One of the characteristic symptoms of Borderline Personality Disorder (BPD) is an inability to appropriately regulate emotions. People diagnosed with BPD often experience intense emotions in very black-and-white terms, preventing them from being able to cope effectively with what they are feeling or experiencing.
A new study published in last month’s Journal of Abnormal Psychology provides some insight into how this BPD symptom affects women with Borderline Personality Disorder. For the study, researchers examined emotional regulation from the perspective of emotional granularity, which refers to the specificity by which a person represents emotions. About 50 participants, both with and without a BPD diagnosis, were asked to perform tasks that assessed how they expressed emotions using valence (feeling pleasant or unpleasant) and arousal (feeling calm or activated).
The researchers discovered that women with Borderline Personality Disorder have lower emotional granularity than women without BPD, and are prone to use more valence information and less arousal information when expressing emotions. That means they are more likely to react emotionally in a way that is disproportionate to the situation and to be unable to properly distinguish between emotions. For example, their reaction to their boss telling them they need to revise work they’ve done may be represented in the same way as their reaction to their boss telling them they are fired.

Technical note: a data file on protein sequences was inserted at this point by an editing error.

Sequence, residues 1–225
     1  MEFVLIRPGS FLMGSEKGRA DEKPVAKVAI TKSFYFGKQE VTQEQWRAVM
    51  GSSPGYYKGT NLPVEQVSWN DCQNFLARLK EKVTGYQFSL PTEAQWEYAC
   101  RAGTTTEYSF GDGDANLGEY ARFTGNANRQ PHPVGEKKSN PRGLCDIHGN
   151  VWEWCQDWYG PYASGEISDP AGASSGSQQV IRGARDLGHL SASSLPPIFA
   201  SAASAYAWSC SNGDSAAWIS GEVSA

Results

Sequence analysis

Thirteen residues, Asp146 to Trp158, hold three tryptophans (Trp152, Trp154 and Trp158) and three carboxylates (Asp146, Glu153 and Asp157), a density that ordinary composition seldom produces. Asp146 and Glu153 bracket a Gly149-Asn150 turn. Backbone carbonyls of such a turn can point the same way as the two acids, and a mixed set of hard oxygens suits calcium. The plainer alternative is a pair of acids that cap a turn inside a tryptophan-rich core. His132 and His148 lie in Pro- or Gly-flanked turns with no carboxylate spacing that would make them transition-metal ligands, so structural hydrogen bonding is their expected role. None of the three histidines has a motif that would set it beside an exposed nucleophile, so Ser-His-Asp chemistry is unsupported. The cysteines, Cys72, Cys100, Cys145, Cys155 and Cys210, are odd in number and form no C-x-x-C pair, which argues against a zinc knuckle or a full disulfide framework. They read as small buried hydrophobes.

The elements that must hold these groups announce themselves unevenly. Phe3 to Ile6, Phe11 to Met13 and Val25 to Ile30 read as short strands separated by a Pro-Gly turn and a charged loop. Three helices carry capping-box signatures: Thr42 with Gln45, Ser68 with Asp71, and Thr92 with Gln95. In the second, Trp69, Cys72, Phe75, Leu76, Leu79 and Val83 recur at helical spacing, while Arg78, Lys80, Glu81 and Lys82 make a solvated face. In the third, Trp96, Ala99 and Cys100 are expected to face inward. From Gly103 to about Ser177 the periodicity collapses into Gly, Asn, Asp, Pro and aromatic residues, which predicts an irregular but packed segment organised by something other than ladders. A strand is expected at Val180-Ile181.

Effective Treatment for Emotional Regulation
The right type of treatment can help people with Borderline Personality Disorder learn to manage all of their BPD symptoms. One treatment in particular – Dialectical Behavior Therapy (DBT) – specifically focuses on the symptom of emotional regulation.
DBT was developed for the treatment of Borderline Personality Disorder, and emphasizes the development of four skill sets: mindfulness, distress tolerance, interpersonal effectiveness, and emotional regulation. Through DBT, you can learn to listen more closely to your emotions and better manage them.
DBT, which is often offered at residential and day treatment centers for Borderline Personality Disorder, emphasizes the following techniques for more effective emotional regulation:
- Observing your emotions
- Differentiating between primary and secondary emotions
- Learning how to react to events that are both in and out of your control
- Effectively describing your emotions so you better understand them
- Experiencing your emotions
- Increasing positive emotions and self-feedback
- Reducing painful emotions
- Becoming mindful of your current actions
- Learning how to take opposite actions
Dialectical Behavior Therapy uses individual therapy and DBT skills groups to help people with Borderline Personality Disorder reduce their emotional vulnerability and decrease their emotional suffering through mindfulness skills. By treating your BPD using Dialectical Behavior Therapy, you will be able to better recognize and express what you’re feeling and regulate your emotions so that you can have more effective relationships.